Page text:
The robotics of the machine allow the needle to automatically create any design on the skin at up to 150 punctures per second, executing highly repetitive action in much the same way a traditional 3D printer does. Appropriate Audiences says that their biggest challenge was finding a way to enable the printer to register the natural texture of human skin and the curvature of whatever body part is being tattooed. To make this possible, the machine’s custom-designed needle attachment includes a sensor that allows the robot to trace body contours and curved surfaces, without sacrificing precision artwork or needle safety.
Originally, the idea for the tattooing robot was born out of the Public Domain Remix workshop organized by the French Ministry of Culture at world-renowned design school ENSCI Les Ateliers. The idea was to use images, videos, and sound fallen in the national public domain and use them in a sort of ‘Mashup’. In eight hours, the Appropriate Audiences team created a robotic machine that could autonomously create and ink real tattoos on real skin. When they learned that their theoretical idea was actually feasible in sponsor Le FabShop’s digital manufacturing facilities, the team set out to make the tattooing robot a reality.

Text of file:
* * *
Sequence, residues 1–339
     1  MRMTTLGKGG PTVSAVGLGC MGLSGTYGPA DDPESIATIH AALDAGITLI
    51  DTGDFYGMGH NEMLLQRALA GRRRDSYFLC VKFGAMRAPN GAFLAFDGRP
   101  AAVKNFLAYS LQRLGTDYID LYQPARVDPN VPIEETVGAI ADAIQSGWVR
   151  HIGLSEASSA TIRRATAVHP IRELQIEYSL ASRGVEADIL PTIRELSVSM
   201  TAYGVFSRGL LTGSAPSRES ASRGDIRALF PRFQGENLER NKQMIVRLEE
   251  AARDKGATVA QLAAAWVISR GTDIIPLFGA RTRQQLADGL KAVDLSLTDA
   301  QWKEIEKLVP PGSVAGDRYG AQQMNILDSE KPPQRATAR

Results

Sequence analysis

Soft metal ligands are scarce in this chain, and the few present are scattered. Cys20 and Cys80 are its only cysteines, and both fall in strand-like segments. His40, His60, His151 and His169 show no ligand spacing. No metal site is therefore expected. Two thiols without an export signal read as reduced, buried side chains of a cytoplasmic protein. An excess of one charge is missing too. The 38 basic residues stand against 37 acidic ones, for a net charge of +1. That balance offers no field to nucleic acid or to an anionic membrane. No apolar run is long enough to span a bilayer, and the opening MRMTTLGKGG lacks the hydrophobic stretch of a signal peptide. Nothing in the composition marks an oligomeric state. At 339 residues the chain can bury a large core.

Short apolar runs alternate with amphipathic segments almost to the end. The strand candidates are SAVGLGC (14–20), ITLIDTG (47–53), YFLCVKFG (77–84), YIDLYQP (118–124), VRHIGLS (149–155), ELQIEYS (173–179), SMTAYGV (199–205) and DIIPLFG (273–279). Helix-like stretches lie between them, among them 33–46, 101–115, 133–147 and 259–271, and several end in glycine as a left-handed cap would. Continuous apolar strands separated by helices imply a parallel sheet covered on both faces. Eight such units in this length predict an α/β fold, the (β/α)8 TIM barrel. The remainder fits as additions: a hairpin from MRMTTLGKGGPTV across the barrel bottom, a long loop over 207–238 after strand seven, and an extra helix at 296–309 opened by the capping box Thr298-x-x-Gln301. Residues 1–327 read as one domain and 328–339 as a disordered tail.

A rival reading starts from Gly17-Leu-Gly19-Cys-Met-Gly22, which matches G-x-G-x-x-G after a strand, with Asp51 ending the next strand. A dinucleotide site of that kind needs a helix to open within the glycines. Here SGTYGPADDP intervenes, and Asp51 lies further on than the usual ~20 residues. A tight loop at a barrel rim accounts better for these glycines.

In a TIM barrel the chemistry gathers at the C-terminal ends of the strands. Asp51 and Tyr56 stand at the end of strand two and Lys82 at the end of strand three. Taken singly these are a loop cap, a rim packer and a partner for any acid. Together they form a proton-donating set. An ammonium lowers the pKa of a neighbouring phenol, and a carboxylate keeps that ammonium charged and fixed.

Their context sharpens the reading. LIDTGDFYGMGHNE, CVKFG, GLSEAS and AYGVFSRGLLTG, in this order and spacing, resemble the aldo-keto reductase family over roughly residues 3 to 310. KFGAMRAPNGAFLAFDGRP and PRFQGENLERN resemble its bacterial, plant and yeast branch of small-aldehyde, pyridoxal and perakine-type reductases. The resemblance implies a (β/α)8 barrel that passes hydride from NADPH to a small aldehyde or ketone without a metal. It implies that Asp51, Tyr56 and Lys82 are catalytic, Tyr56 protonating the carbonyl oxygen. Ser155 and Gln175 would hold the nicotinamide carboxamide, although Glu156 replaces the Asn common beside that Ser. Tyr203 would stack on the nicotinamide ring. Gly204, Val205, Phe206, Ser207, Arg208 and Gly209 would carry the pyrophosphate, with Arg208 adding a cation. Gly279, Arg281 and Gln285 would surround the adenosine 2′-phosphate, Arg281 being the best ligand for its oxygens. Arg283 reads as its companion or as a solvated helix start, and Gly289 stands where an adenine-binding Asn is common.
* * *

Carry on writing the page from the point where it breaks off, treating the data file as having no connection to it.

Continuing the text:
Initial tattoo testing was conducted on an artificial skin-like surface made from silicone. Since skilled tattoo artists often train on artificial surfaces or even pig skin before moving onto human canvas, it seems like Appropriate Audiences had the right idea. The first tattoo that the robot ever inked on a human was a simple circle, but the Appropriate Audiences team believes that precision artwork like portraits and intricate designs will soon be an attainable goal for the tattooing robot.
While some of the world’s most talented tattoo artists are incredible designers in their own right, the Internet’s collection of unfortunate and cringe-worthy tattoos still somehow grows. It may be questionable design choices from customers or just a few bad eggs in a pool of talented artists, but Appropriate Audiences’ robotic tattoo machine could potentially put an end to the problem once and for all.
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